Shared Parental Leave [SPL] legislation came into force in April 2015. The legislation,...read more
Poor rates of statutory paternity pay are stopping dads taking time off, but mums are affected by the same low rates. A review of parental leave policies is needed.
There were a flurry of press reports this week about untaken paternity leave after the law firm EMW, which does an annual analysis of take-up, published stats showing only around a third of eligible dads take even two weeks off when their baby is born.
It’s a stark statistic and money is clearly a big factor. Aviva’s experience shows the difference pay can make. It is one of the first UK employers to introduce an equal parental leave policy, offering new parents in its UK business 12 months’ parental leave, with six months at full basic pay. 80% of men at the company have taken at least five months out of work when a new child arrives, and 79% of men have taken over five months for subsequent births.
But in campaigning for an increase in statutory paternity pay, is there a danger that male breadwinner norms are solidified? Claims about statutory paternity pay often rest on the fact that men can’t afford to go on leave because they are the main earners. Women can presumably afford to live on around 150 pounds a week for 33 weeks because the men’s wage supplements theirs. Surely the statutory rate should be raised for all and at the very least be raised in line with inflation? Instead it has only gone up by just 3% this year very much under the inflation rate.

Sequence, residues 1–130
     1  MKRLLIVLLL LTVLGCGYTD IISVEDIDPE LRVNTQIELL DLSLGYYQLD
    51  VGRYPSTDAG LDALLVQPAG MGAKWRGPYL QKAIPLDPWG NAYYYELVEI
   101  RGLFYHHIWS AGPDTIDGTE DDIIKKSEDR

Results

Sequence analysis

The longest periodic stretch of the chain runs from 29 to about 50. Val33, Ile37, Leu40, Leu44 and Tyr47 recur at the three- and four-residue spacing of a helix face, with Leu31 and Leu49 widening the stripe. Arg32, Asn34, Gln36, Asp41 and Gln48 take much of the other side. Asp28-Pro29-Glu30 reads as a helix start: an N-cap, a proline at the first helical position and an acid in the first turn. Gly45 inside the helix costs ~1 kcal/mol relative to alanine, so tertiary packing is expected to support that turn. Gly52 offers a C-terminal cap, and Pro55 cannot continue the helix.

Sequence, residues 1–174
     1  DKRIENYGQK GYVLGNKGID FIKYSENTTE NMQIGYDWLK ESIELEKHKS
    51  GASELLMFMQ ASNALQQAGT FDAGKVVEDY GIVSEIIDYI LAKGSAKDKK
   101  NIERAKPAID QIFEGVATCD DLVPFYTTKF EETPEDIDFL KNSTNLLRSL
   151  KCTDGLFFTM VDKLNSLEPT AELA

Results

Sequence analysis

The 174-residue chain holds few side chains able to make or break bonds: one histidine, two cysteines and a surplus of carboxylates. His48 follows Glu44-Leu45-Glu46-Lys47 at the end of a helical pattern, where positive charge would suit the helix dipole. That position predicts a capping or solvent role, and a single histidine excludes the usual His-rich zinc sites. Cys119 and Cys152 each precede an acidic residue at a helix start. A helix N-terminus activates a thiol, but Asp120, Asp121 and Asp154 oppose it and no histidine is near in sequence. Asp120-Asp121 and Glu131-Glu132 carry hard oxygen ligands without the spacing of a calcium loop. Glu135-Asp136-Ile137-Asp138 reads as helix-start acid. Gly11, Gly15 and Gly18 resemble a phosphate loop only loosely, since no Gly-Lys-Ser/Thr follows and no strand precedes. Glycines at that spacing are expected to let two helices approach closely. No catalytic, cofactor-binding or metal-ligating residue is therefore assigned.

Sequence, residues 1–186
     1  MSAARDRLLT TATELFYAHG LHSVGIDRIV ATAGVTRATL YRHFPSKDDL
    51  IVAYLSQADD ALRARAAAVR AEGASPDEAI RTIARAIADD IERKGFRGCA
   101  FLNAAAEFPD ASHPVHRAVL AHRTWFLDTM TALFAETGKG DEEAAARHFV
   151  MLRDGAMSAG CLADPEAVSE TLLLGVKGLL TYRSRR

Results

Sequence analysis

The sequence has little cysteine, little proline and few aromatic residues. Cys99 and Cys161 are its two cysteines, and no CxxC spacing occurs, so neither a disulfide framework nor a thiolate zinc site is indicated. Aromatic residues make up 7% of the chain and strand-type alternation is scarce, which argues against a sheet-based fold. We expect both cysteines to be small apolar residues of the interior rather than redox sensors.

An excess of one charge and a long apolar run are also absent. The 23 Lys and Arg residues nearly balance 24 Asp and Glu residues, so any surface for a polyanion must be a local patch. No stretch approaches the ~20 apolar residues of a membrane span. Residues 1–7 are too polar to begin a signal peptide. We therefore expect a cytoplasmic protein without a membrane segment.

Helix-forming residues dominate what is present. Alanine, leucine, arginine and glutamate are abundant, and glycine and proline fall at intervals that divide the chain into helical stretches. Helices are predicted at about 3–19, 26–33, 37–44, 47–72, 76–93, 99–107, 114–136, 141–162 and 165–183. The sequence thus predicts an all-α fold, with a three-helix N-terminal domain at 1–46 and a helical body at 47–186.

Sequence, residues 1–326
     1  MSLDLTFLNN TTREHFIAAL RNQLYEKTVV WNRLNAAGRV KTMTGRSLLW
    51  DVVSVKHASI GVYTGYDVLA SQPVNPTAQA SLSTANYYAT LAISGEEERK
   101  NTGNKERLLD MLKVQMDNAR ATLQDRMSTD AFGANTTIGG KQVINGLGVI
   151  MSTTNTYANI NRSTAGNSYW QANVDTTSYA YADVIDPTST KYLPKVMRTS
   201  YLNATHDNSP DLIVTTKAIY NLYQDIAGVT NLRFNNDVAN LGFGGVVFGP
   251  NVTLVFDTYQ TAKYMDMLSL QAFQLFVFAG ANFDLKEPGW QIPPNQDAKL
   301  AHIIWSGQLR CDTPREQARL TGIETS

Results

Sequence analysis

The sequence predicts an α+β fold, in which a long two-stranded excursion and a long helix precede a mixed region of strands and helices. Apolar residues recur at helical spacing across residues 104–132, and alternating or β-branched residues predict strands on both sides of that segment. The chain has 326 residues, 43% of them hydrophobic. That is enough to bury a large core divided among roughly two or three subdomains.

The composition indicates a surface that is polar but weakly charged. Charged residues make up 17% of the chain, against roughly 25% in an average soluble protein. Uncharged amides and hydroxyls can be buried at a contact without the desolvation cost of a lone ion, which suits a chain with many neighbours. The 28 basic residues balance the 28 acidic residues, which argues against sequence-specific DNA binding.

Moreover, as the Aviva example shows employers have been stepping into the breach opened up by low statutory rates. But most employers can’t afford to do this and self employed dads miss out altogether. The divide between those who are in secure, well paid jobs and the rest increases all the time. That is where Government must come in to provide a basic standard.
Meanwhile, many dads who can are getting around the paternity pay problem by working from home more so they are around for their partner without losing pay. This is undoubtedly helpful, but it still relies on the mum as main carer norm.
So what can be done? If paternity leave is low, Shared Parental Leave, designed to share the load more and promote greater equality generally, has been a bit of a flop with uptake percentages still stuck in the single digits despite numerous relaunches and pushes. In addition to pay, this is in large part because it is really complex and because it makes parents feel like dads are taking something away from mums. Campaigners have long argued for a stand alone, use it or lose period of several weeks of paternity leave. There are so many things that are not functioning well when it comes to parental leave. At some stage there will need to be a review of the whole system to look at how to help those who most need it so that everyone has the option of taking time off when their child is born.